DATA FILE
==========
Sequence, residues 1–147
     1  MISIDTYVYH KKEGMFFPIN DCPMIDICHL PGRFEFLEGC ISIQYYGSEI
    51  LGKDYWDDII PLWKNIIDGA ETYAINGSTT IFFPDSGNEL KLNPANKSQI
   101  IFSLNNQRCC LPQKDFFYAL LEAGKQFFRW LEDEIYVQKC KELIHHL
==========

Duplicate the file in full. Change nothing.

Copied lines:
Sequence, residues 1–147
     1  MISIDTYVYH KKEGMFFPIN DCPMIDICHL PGRFEFLEGC ISIQYYGSEI
    51  LGKDYWDDII PLWKNIIDGA ETYAINGSTT IFFPDSGNEL KLNPANKSQI
   101  IFSLNNQRCC LPQKDFFYAL LEAGKQFFRW LEDEIYVQKC KELIHHL